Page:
|Approx. Weight||Feels Normal|
|Skier Level||Advanced - Expert|
|Core Material||Flax Fiber, Carbon, Poplar|
|Turning Radius||28m @ 186cm|
|On Snow Feel|
Whitedot Ranger 2016 - 2015 Review by A Better Ski
Whitedot calls the Ranger their most versatile ski, so I was definitely excited to put it to the test. While we found the Whitedot Ranger to be versatile (one could certainly use it as a daily driver), we felt it caters a bit more to aggressive skiers that want to ski fast and need a stable ski to do so. Even though I would put this ski in the all-mountain category, I would definitely say it leans a bit more towards the big mountain feel.
Whitedot Ranger On-Mountain Video Ski Review
Size: 177cm and 186cm
Riders: Matt and Laura
Conditions: Fresh (5”), Soft Chop, Groomed, Hard Pack, Spring Slush
Boots: Rossignol Alias Sensor 120
Bindings: Tyrolia AAATTACK 13
Ski Personality: The Ranger is a very stable directional charger.
On the Snow Feel: The Whitedot Ranger is a stiff ski that feels quite powerful, and very stable. The Ranger is definitely a stable ski that takes a bit of work to tame. It will definitely cater to a more aggressive skier, but will open up a lot of terrain to those who are.
Powder: With a 108mm waist width the White Ranger is certainly in a very versatile class of all-mountain skis. Sure at 108mm, it’s not going to be fantastic in deep snow, but it’s also quite a bit friendlier to ski when the snow isn’t deep. This has really become my favorite waist width because of that versatility. We didn’t have the chance to ski the Ranger in anything super deep, but in the 5”+ fresh we skied in the morning, the Ranger was certainly capable. With a healthy dose of tip rocker, the ski planes quite well. The ski feels smooth, and even though it is very directional, I felt I could access a slightly surfy side of the ski. This isn’t going to be your go-to powder ski, but if you know conditions will be variable, the Ranger could be a great one ski quiver.
Turn Initiation and Carving: Neither one of us found the Ranger to be overly exciting on groomers. Still, we wouldn’t necessarily be quick to say the Ranger can’t handle carving the frontside. The feel is just more smooth, predictable, stable, and directional than you get from a front-side ski. Getting the ski on edge took speed, and trying to bend the 186cm into the turn definitely took work. Still, I found the ski responded well to input, and getting from edge to edge was smooth and predictable. It never necessarily felt like it was going to shoot me from edge to edge with a ton of life, but I could certainly tell there was a lot of power behind me. After all, it does have a 28m radius in the 186cm, so I wasn’t expecting quick and exciting. Bottom line, if you like carving smooth and powerful long radius turns, the Ranger is certainly a lot of fun on groomers.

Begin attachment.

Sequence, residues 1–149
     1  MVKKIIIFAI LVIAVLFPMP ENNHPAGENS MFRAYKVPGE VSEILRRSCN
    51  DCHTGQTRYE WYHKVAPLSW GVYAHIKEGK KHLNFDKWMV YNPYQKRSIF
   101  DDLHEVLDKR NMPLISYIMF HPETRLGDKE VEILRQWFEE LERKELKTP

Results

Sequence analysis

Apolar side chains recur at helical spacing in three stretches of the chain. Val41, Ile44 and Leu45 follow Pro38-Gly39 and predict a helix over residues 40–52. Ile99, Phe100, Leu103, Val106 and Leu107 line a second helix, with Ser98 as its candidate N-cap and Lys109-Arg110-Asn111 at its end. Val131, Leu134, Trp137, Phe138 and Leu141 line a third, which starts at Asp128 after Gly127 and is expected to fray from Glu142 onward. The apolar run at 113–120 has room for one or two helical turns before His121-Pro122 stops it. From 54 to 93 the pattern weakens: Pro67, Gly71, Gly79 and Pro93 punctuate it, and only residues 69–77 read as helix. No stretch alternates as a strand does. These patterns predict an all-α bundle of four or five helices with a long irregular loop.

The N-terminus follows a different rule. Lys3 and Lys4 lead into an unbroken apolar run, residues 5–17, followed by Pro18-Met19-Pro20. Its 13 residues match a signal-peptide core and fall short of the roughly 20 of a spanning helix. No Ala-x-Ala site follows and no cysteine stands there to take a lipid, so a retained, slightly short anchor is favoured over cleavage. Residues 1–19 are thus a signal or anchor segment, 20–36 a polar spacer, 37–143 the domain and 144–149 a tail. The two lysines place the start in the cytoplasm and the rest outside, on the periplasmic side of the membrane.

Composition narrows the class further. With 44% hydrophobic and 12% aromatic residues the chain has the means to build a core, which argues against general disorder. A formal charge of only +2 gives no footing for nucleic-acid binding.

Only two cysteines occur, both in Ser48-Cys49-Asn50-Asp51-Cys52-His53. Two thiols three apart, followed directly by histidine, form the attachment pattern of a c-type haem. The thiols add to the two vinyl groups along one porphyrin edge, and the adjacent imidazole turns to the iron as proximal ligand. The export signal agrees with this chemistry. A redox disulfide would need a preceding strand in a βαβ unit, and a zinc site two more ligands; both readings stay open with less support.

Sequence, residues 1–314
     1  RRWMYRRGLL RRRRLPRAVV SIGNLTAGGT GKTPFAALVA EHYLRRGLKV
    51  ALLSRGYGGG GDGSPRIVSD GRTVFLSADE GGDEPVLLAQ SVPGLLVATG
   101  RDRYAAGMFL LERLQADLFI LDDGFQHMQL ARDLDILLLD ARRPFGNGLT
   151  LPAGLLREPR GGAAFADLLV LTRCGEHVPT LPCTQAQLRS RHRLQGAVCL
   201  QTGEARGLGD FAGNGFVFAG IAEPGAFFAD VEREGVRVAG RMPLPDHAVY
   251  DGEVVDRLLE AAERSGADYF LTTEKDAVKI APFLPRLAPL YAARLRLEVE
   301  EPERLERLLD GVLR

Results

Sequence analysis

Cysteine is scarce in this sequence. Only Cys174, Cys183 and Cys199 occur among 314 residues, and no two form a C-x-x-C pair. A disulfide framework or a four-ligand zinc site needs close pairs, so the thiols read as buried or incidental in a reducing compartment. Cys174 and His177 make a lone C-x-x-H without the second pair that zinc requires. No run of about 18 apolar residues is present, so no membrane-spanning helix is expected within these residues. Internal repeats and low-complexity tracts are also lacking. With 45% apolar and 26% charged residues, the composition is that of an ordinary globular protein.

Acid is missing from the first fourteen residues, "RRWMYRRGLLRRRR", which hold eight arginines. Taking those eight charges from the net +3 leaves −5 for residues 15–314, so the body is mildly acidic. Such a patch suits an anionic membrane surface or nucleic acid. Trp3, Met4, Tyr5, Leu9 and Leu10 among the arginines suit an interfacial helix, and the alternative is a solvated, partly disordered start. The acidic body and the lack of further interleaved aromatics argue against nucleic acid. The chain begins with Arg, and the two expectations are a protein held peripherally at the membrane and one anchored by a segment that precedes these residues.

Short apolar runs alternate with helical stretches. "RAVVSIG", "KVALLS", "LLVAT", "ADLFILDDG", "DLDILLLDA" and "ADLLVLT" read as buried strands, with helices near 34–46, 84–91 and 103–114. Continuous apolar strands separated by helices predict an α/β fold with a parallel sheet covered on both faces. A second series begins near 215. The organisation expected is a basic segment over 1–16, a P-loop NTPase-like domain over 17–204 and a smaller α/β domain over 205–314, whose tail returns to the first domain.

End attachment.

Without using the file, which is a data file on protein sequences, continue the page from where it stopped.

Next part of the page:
Speed: Here is where the stiff flex and stable feel really help make the Whitedot Ranger shine. It’s not the most stable or damp ski I have ever been on, but it’s certainly near the top. I love that directional feel, and going mach something down smooth runs was so much fun. I never once questioned the speed I was skiing at.
Uneven/Variable Terrain: The Whitedot Ranger is a very capable ski in variable snow. The Ranger has a pretty stiff directional feel, and it wants to run fast and straight. When encountering variable snow I found it easy to stay aggressive and blast through anything in the way. Whether I was on my edges or had my bases flat, I had no issue getting the ski to power through variable snow. Just be aware that the ski isn’t very forgiving, and getting too far back seat can be punishing.
Edge Hold: Edge hold was fairly decent, but I wouldn’t want to ski it on hard pack all the time. The ski was certainly a lot more fun on soft snow, where I could open things up with confidence and never worry about my edges washing out. If you have to ski it in less than ideal conditions, the Ranger can handle it.
Bumps: The Whitedot Ranger is certainly not my first choice for a mogul ski, especially in the 186cm. Still I found it responsive enough that I wouldn’t mind trying out the 177cm in bumps. I’d still expect to have to work a lot, and I wouldn’t want to get punished for lazy technique. However, I think strong enough bump skiers would find the Ranger capable here.
Bottom Line: The Whitedot Ranger is a ski that likes to go fast and straight. It offers a very smooth, stable and damp ride at speed, and it’s so predictable in variable terrain I never question coming in hot. It’s capable on groomed terrain, but will require an aggressive skier to get it to come alive. I’d definitely recommend the Whitedot Ranger for skiers who want to ski wide open steeps, powder, soft snow, variable terrain, and don’t mind a smooth and “mellow” ride on groomers.
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